This is a great day for Salem. The billion dollar boondoggle known as the Salem River Crossing (or Third Bridge) got a big defeat in a ruling by the Land Use Board of Appeals.
Congratulations to the eight petitioners and E.M. Easterly, who joined in their appeal. Also, kudos to Salem attorney John Gear who argued the appeal.
I haven't read the ruling yet, as LUBA hasn't released it to the public. (The image above came from a No 3rd Bridge Facebook post.)
UPDATE: I now have a copy of the ruling. A quick look-through shows that LUBA rejected most of the "assignments of error" put forward by opponents of the bridge. But the important thing is that the Urban Growth Boundary expansion decision has been remanded (sent back) to the Salem City Council. Practically and politically speaking, the reasons LUBA gave for doing this don't matter a whole lot. Read on to understand why. Here's the ruling:
Download 2016-126 Final Opinion
But the fact that the City of Salem's approval of an Urban Growth Boundary expansion needed for construction of the bridge is now deeply in doubt means that the Third Bridge, if not dead, is critically wounded.
Here's how the No 3rd Bridge folks explained the impact of today's legal decision in their Facebook post.
Today, in the case of Deumling vs. City of Salem, the Oregon Land Use Board of Appeals remanded the land use actions taken by the Salem City Council last December to advance the Salem River Crossing Project. That means the actions are invalidated and the City needs to start over again and correct deficiencies identified by LUBA. Until they do this, the Salem River Crossing Project cannot move forward to a Final Environmental Impact Statement.
Last December the land use actions were taken by the “old” City Council with Mayor Anna Peterson and a strong pro-bridge majority. In January three new Councilors who were all elected on an anti-bridge platform joined anti-bridge Councilor Tom Andersen on the Council. In March they were joined by Chris Hoy who also ran on an anti-bridge platform.
A few weeks later this five member Council majority voted against approving an intergovernmental agreement with the Department of Land Conservation and Development to advance the project. Now we are hopeful that the majority will stand firm against any effort to appeal the LUBA decision to the Oregon Court of Appeals, or to try to rectify the errors that LUBA found in the land use actions taken by the old Council in December, in order to try to restart the planning project.
LUBA concurred with three of the “assignments of error” presented by the petitioners and an intervenor, E. M. Easterly.
Our thanks to the eight petitioners and the intervenor, and to their attorney John Gear and to Bob Cortright and Kathy Lincoln who provided invaluable assistance.
And here's a press release from No 3rd Bridge:
Land Use Board of Appeals Sends 3rd Bridge Land Use Actions Back to City Council
FOR IMMEDIATE RELEASE
Salem, Oregon – Today the state Land Use Board of Appeals agreed with a group of citizen petitioners that the Salem City Council’s action last December to expand its urban growth boundary to permit construction of a bridge over the Willamette from Pine Street to Hope Avenue was not done properly and had to be sent back to the City of Salem.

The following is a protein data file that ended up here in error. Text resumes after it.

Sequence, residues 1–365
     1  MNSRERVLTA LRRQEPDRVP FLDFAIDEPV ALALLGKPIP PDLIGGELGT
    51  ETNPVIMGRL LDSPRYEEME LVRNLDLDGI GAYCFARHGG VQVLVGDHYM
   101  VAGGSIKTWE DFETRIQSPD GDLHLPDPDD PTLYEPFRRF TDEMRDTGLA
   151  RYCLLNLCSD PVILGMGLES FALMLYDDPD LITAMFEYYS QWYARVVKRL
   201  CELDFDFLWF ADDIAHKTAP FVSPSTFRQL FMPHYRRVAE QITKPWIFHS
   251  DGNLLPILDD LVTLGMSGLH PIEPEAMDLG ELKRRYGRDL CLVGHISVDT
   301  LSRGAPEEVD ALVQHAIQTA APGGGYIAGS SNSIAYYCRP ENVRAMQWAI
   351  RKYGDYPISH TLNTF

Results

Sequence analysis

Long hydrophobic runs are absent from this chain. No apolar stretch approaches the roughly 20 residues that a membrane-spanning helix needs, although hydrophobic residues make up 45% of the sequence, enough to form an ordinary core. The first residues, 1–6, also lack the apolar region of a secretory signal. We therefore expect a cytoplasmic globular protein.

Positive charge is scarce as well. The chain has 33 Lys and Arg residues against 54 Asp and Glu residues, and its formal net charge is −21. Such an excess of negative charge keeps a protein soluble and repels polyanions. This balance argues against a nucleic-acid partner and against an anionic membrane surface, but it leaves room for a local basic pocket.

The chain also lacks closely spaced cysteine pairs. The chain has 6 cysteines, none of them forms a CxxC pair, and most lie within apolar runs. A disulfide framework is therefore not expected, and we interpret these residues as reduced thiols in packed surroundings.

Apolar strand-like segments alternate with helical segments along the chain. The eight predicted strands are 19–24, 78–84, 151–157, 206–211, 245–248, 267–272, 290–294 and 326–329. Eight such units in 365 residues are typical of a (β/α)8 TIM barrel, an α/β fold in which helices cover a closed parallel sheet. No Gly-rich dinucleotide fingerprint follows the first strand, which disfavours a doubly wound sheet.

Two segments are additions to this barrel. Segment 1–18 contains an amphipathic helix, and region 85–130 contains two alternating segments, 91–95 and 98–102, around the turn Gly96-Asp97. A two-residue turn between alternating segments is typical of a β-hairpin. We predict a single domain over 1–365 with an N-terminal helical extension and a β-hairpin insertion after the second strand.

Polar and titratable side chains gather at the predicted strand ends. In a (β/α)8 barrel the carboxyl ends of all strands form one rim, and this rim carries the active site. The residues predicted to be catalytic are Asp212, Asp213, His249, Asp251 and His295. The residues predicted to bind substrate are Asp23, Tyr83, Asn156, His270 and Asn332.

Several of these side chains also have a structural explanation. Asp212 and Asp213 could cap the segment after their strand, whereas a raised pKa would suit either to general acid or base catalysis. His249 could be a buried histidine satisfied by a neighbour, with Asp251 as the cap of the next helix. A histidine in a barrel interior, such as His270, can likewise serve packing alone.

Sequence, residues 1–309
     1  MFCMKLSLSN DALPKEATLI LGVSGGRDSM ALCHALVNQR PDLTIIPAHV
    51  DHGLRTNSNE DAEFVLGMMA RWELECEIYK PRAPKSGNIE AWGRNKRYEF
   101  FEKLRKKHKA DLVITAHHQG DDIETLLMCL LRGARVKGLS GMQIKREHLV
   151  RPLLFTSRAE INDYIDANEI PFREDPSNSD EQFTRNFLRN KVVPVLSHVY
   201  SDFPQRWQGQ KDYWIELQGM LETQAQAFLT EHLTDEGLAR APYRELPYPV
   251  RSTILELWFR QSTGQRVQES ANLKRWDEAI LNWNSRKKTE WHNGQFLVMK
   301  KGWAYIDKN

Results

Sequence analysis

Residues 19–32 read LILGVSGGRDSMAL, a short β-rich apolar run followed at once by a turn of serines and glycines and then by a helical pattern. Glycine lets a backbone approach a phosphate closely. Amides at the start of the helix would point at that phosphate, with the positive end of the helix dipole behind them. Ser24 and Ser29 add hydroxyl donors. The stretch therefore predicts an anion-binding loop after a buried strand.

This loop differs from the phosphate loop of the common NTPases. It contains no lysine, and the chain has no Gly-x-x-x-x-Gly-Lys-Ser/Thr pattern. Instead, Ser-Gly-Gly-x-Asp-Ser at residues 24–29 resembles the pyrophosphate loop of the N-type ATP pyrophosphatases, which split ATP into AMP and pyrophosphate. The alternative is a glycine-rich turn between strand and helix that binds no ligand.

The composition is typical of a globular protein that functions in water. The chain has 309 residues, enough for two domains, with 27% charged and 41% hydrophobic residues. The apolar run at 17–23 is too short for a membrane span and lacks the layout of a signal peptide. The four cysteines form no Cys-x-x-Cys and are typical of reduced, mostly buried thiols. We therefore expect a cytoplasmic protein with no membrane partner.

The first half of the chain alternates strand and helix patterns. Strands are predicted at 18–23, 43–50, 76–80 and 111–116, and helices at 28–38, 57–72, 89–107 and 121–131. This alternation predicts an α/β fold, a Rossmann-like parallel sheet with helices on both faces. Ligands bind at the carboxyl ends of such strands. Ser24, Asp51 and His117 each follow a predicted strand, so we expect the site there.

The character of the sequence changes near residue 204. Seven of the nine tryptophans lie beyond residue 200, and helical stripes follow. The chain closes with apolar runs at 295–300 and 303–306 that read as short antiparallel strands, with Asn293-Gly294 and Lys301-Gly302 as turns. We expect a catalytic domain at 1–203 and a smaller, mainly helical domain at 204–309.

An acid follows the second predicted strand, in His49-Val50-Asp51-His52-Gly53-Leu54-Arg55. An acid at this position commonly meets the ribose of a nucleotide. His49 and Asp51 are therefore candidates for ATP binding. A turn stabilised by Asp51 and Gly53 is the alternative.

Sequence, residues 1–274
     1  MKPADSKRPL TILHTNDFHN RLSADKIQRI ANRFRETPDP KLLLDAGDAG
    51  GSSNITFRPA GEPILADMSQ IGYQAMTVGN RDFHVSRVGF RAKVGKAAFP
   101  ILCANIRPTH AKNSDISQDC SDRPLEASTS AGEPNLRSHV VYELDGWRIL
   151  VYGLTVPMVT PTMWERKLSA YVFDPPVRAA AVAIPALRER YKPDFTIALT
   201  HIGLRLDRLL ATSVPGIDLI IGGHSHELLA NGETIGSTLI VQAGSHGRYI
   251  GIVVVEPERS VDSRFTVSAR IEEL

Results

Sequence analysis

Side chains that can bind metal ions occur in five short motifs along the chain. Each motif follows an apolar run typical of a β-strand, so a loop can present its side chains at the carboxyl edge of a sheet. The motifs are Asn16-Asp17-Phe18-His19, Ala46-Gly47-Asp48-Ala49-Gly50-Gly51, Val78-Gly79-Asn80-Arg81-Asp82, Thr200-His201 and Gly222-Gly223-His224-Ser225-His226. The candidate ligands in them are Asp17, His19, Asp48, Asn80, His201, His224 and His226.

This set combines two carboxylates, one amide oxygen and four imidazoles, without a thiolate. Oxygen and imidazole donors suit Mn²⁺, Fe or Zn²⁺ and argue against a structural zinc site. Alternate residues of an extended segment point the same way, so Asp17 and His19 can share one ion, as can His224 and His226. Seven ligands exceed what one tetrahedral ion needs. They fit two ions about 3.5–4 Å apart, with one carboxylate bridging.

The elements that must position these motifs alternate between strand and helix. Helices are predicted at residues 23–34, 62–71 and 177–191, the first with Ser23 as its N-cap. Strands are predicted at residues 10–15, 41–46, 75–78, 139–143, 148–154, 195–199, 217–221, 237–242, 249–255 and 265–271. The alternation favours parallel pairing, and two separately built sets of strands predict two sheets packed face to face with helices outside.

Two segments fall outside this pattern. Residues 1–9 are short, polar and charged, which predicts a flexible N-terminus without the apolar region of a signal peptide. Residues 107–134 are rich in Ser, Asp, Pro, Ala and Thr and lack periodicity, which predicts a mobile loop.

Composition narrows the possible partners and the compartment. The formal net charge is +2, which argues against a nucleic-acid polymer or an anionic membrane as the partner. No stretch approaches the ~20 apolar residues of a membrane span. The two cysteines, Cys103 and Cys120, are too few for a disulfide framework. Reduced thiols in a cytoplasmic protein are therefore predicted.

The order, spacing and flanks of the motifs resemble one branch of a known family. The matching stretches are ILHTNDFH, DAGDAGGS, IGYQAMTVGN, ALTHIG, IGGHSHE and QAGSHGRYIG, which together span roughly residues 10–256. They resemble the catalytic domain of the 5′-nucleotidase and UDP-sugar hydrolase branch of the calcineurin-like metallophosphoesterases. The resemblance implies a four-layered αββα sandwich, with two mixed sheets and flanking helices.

After considering the written and oral arguments made in Deumling vs. City of Salem (2016-0126), LUBA sustained a total of three objections to the City’s UGB expansion late last year. LUBA agreed with the petitioners on two of their objections to the urban growth boundary expansion decision, and also with one of the objections filed separately by a local resident who intervened in the case on the petitioners’ side in opposition to the UGB expansion.
The result of today’s LUBA’s decision is that Salem’s UGB is not expanded, and the decision is sent back, or “remanded,” which lets the Salem City Council decide whether to try it again or to change course and pursue other options for addressing the peak hour auto congestion problems.
Because LUBA remanded the land use decision, it is invalidated and the UGB remains unchanged. If the City Council decides to try again, the public process and hearings required for an urban growth boundary expansion would have to be repeated. Without the UGB expansion, the Salem River Crossing Project cannot proceed with the “Preferred Alternative,” because the Environmental Impact Statement for that project cannot be completed without the UGB being expanded first.
The eight citizen petitioners who brought the appeal are very pleased with the remand. They urge that Salem pursue a number of less-costly actions to address traffic congestion problems rather than try to repeat the UGB expansion process to accommodate the new bridge on the new route.
“The reality is that the third bridge just isn't a workable solution", said Robert Cortright, spokesperson for the petitioners. "We can't afford it, it won't solve our traffic congestion problems, and it would devastate parks and neighborhoods."
Petitioners urge the City of Salem to focus on improving traffic flow during peak hours by taking advantage of the funds provided in the recent state transportation funding bill, which increased funding for Cherriots and provided initial funds to seismically retrofit and improve the Center Street Bridge. There are many other viable solutions to address the flow of traffic over Salem's two car bridges. The City Council should begin the process to explore these workable options.